On May 30, 1921, a simple accident between a black shoeshine boy and a white female elevator operator was intentionally misconstrued in a local paper as assault. White Tulsans took this as just cause to burn Black Wall Street to the ground. Over 5,000 black residents were arrested, approximately 300 were killed, and even more were injured. The fires consumed 1,256 homes, 191 commercial sites, some churches, and even schools, a hospital, and a library.
In Tulsa, reconciliation has outpaced reflections on truth. As a child, I never reflected on Ida B. Wells’s description of lynching: “the nineteenth century lynching mob cuts off ears, toes, and fingers, strips off flesh, and distributes portions of the body as souvenirs among the crowd.” Without second thought, I’d traipse around the grounds of what was Black Wall Street and saunter past the John Hope Franklin Reconciliation Park. I failed to see the devastation visited upon the community nearly a century ago. The memory of the hope that Little Africa once offered serves as the inspiration of commemoration efforts nearly a century later.
The Centennial Commission is considering the best ways to memorialize the devastation. Its efforts so far have focused on the progress to come—on hopes for reconciliation. But historical exercises that do not weight their reconciliation with painful truth often become pain suppressants. They do not relieve the deep pain that exists. At risk is a double-forgetting of what happened in 1921.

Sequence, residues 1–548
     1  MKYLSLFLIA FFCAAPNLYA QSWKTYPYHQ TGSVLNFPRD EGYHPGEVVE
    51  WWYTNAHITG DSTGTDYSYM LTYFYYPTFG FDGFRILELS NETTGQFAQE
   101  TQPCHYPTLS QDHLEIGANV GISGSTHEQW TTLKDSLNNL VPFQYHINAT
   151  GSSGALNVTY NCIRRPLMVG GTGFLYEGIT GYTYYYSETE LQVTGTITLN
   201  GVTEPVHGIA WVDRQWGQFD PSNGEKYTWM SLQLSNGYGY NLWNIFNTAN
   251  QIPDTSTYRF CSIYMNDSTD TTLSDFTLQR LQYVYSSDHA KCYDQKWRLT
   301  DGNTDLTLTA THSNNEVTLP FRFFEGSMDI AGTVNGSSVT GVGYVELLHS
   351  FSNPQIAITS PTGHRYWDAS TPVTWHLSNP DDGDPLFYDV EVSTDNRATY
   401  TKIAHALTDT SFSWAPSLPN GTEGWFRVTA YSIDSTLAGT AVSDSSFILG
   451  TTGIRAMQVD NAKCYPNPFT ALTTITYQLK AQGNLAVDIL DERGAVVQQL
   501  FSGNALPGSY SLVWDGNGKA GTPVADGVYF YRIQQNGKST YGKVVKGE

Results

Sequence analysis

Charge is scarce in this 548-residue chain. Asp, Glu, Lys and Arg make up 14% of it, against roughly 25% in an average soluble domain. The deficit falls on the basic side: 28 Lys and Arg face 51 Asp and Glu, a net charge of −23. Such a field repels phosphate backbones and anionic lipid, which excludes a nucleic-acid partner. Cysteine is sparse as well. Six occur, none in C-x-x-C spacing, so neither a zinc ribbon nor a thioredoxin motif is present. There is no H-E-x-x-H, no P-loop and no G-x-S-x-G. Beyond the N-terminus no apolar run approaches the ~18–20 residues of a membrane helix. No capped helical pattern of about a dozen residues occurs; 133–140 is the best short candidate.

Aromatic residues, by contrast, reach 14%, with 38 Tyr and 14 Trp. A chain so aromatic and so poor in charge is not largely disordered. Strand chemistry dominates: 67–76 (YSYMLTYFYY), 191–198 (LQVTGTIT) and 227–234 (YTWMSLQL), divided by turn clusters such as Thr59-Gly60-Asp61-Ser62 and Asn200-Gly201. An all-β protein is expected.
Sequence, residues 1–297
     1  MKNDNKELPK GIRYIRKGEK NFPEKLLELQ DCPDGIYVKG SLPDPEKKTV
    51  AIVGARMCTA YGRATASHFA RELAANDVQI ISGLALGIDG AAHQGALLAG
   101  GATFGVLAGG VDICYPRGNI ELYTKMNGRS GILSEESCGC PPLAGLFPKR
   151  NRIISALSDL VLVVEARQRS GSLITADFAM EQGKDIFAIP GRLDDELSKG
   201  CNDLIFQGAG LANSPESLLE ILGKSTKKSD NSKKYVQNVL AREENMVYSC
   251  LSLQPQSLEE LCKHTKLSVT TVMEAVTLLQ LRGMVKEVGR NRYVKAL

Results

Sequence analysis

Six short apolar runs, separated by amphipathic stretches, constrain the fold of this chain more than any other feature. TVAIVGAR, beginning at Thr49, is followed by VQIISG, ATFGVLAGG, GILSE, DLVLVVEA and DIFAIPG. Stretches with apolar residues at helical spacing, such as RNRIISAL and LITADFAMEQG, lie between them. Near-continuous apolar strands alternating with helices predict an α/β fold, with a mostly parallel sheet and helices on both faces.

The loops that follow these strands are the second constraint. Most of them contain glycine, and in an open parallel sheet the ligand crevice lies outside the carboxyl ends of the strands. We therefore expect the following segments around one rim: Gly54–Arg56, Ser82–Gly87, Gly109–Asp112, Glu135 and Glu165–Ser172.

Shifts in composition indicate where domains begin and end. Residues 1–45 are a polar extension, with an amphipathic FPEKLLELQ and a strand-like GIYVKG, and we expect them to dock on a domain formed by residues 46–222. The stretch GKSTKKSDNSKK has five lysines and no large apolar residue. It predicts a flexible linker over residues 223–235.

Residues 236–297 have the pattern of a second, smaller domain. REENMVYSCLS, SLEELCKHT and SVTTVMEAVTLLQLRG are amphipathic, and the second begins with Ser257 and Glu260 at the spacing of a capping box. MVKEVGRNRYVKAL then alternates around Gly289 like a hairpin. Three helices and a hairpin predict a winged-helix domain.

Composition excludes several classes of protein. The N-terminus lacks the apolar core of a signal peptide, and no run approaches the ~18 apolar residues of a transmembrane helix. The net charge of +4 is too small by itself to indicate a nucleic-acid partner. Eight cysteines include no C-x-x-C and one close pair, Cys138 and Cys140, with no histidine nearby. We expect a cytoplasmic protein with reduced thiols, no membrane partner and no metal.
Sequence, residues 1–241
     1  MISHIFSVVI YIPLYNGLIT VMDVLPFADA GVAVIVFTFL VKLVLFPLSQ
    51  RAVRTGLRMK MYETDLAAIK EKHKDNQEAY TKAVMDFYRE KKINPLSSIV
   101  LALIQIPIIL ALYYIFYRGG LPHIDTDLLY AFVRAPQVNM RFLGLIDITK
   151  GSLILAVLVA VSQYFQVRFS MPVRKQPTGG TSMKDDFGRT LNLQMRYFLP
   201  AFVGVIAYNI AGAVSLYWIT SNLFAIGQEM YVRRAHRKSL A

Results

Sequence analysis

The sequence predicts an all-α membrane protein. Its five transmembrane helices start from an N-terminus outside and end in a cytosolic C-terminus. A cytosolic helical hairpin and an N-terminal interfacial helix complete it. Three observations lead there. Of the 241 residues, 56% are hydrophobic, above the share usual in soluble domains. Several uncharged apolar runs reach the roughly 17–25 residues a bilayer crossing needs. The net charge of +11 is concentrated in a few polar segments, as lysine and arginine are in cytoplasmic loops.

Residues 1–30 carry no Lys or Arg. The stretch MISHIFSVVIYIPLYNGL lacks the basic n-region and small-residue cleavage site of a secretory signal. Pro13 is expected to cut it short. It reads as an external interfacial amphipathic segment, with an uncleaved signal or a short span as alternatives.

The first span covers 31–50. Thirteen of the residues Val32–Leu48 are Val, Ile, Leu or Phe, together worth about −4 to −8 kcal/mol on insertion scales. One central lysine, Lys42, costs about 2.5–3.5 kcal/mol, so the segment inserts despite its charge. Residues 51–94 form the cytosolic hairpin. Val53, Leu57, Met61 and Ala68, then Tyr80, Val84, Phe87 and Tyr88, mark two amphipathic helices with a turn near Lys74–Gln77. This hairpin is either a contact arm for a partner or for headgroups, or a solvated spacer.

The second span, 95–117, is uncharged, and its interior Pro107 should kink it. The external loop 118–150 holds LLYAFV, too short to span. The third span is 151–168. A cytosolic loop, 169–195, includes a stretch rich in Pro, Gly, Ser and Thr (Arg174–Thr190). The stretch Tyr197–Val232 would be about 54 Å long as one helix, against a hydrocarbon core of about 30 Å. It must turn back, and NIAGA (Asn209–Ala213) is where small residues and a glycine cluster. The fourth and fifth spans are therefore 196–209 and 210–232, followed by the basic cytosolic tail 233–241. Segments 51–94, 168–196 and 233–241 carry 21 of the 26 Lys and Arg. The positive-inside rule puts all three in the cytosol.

Forgetting is enabled by the language we use to describe the horror of that day. Calling it a riot minimizes the truth. It allowed insurers to escape the responsibility of paying benefits to the households and businesses set ablaze, leaving most of the financial burden of the community’s reconstruction to the victimized. The truth is: This was a massacre.
Today, the stain of this massacre and subsequent events have left black life fragile in Tulsa. The life expectancy of 74126, the zip code of much of black Tulsa, is 10.7 years less than that of 74137, a more affluent, predominantly white community.
Sixty-seven years old is the average life expectancy in 74126—if people can make it that long. Terence Crutcher barely reached 40 before a white police officer shot him, unarmed, just north of where Black Wall Street burned 98 years before. It’s an all too familiar story: white police officer shoots an unarmed black man without facing any prison time. As a community, Tulsa blew past the truth that historical context could bring. Instead, the city rushed to reconciliation in the usual places: churches, community centers. There were somber mayoral press conferences, and a gentle protest at the same Reconciliation Park.
But what if that same police officer who shot Crutcher had to see the names of the lynched on those steel columns as she drove by her local precinct to work every day? What if, staring Tulsans in the face, were the true stories of those afflicted by racism? That is the duty standing before the Centennial Commission: to anchor reconciliation in truth.
Such frank reflections on the truth might dissuade individuals like U.S. Senator James Lankford from serving on the commission. His proposed solution to racial strife is “Solution Sundays,” in which Americans are encouraged to invite someone of a different race to dinner. But instead of the commission’s “reconciliation committee,” perhaps what Tulsa needs is a “truth-first, then-reconciliation committee.” It need not look any further than Montgomery to understand that the way forward lies in the past.